What do we owe our parents? The founder of the Alzheimer’s Reading Room raised this question recently, and when I thought about it, I feltï¿½conflicted. You see, I may be in a closeted minority that’s willing to admit publicly that I don’t think I owe my parents anything. Before you start pelting me with words like “ungrateful” or worse, let me get in my two cents. Did my parents do a good job of parenting? Well, I suspect they did the best they could with the resources and tools that were given to them. Their parenting skills were not perfect – but again, I suspect that perfection in this area is not only relative, but that it evolves over time and circumstance. And, you know, even if I were to evaluate the skills they displayed as absolutely perfect, I would still respond that I don’t owe them a thing.
Even with this mindset, I’ve given my parents at least 20 hours a week of my time for the last 8 years – lending a hand anyway I can. At first it was caring for my father who was sliding into dementia along with an assortment of other physical maladies. I fed, clothed, and “entertained” him until he died three years ago. In addition, mother didn’t have a clue about things like bill-paying, checkbooks and taxes, so I became the banker. She was also not “suited” to figure out his medications (or hers, either), and was unable to transport them to their various doctors’ visits and other appointments – or to even organize and schedule those appointments, so I also added pharmacist, nurse, chauffeur and ambulance driver, senior advocate, and administrative assistant to my repertoire. I helped them plan their estate by interviewing and enrolling the assistance of elder law and estate planning attorneys and accountants. This has been an enormous undertaking and at times it has been difficult as I try to balance my own needs, my family’s needs, the needs of a growing business, in conjunction with their needs.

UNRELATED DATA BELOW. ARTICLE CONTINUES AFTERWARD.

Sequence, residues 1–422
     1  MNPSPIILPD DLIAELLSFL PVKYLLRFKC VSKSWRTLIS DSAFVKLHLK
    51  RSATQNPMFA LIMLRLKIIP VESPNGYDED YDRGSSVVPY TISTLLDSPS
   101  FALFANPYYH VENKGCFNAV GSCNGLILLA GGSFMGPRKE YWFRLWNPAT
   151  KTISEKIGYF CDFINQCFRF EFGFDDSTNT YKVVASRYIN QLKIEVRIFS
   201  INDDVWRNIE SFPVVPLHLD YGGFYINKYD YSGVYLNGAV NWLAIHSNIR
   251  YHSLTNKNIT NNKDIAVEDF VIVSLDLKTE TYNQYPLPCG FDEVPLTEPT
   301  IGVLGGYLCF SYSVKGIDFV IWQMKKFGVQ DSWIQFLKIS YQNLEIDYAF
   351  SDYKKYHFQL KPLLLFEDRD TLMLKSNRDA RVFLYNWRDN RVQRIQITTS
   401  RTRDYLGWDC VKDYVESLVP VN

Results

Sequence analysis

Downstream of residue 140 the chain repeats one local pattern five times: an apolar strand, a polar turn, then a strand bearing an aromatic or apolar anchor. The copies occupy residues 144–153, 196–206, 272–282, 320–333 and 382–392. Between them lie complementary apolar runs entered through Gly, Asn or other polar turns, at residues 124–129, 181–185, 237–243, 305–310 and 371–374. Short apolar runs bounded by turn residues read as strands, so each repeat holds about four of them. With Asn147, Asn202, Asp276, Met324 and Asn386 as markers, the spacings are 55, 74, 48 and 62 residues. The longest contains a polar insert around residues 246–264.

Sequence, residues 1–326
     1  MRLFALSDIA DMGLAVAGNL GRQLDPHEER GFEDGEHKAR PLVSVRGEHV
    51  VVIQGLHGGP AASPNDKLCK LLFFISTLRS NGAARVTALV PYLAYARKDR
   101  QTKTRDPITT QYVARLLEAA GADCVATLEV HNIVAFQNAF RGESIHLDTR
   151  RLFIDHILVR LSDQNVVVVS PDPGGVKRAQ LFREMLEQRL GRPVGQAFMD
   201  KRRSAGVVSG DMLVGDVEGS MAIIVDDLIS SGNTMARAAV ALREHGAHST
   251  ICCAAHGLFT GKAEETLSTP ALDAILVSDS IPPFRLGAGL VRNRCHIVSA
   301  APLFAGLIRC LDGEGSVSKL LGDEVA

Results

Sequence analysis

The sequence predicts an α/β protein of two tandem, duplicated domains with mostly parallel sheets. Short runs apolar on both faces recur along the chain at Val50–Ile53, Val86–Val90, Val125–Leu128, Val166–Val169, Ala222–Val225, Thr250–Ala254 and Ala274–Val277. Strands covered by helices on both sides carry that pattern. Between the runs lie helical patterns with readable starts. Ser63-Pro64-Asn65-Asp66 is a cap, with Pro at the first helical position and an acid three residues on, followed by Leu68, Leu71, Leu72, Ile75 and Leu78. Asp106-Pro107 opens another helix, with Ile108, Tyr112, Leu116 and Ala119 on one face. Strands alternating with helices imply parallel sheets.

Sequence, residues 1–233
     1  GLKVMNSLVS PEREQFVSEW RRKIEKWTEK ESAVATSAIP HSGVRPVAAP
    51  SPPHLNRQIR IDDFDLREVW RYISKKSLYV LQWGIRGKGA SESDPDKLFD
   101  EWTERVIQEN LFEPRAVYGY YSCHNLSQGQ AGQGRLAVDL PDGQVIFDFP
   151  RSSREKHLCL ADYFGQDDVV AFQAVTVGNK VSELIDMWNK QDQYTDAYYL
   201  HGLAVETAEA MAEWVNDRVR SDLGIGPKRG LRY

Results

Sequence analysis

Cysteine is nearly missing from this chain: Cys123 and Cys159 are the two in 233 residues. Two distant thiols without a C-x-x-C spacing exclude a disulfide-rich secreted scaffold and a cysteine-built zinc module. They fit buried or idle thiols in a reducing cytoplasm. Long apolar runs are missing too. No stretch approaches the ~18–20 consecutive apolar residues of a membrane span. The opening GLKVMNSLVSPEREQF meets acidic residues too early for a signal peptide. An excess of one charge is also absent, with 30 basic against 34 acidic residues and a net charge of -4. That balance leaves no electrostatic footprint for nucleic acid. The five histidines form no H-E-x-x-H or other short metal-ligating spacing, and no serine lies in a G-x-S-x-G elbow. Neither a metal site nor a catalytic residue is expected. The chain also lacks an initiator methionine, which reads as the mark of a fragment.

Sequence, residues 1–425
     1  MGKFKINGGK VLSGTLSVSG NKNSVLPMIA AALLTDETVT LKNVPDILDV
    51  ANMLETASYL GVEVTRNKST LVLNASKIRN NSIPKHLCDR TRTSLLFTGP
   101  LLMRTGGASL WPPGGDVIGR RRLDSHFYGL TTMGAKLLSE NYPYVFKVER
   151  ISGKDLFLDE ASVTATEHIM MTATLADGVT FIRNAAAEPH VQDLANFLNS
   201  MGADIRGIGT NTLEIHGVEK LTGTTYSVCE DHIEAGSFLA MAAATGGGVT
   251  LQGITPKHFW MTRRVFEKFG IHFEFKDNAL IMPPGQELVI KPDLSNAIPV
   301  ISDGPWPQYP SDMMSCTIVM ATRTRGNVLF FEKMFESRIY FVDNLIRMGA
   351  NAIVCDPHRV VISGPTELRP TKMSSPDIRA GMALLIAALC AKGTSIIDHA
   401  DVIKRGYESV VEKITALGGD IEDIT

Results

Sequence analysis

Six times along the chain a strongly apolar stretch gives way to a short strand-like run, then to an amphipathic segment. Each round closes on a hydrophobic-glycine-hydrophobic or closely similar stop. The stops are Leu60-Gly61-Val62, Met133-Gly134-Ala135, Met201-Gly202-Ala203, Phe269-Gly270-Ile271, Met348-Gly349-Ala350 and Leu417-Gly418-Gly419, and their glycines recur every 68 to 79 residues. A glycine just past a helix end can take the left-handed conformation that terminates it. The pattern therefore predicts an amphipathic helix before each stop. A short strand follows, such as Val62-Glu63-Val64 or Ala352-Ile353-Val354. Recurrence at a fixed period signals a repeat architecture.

Last Saturday my mother fell, and I got the call. I did the 45 minute drive to her apartment and then spent another 9 hours with her in the Emergency Room while they assessed the status of her bones and brain. And then a doc came over to check her, saying to her, “You’re very lucky to have your daughter looking out for you, you know.” Her response? “It’s just payback for all those 2AM feedings.” Well, I felt angry when she said that. Payback? Payback? What the… As if I owed her this. Her statement cheapened the beauty of this gift – the most important gift one can give – one’s time. Simply stated, her comment was an insult. The doc cast her eyes downward, then looked at me and I turned away. I don’t do well when I’ve been humiliated.
So, if I don’t feel I owe them anything, why do I do it? Why do I labor in a field that can be bothï¿½futile and ungrateful. I do it because “family” is important to me. I do it because my personal philosophy is to take good care of oneself, first; one’s family, next; and all else comes after that. Self-preservation is nature’s first law. And preservation of family is a natural extension of that law. So, simply stated, I do it because it’s the “natural” thing to do, the right thing to do – but I’m NOT doing it because once they bought me a pretty party dress.
It’s not easy to do this. I struggled to figure out where the time would come from. I struggled as I approached and conquered tasks that could be considered demeaning. And I continue to struggleï¿½as I did last Saturday night in the Emergency Room. But it’s not all one-sided. There are rewards. The most important reward is self-satisfaction. It was an enormous challenge that was thrust upon me, a challenge that’s faced by literally millions of other family caregivers on a daily basis. We know in our gut when we’re doing it right, when we’re doing it well. And that’s its own reward.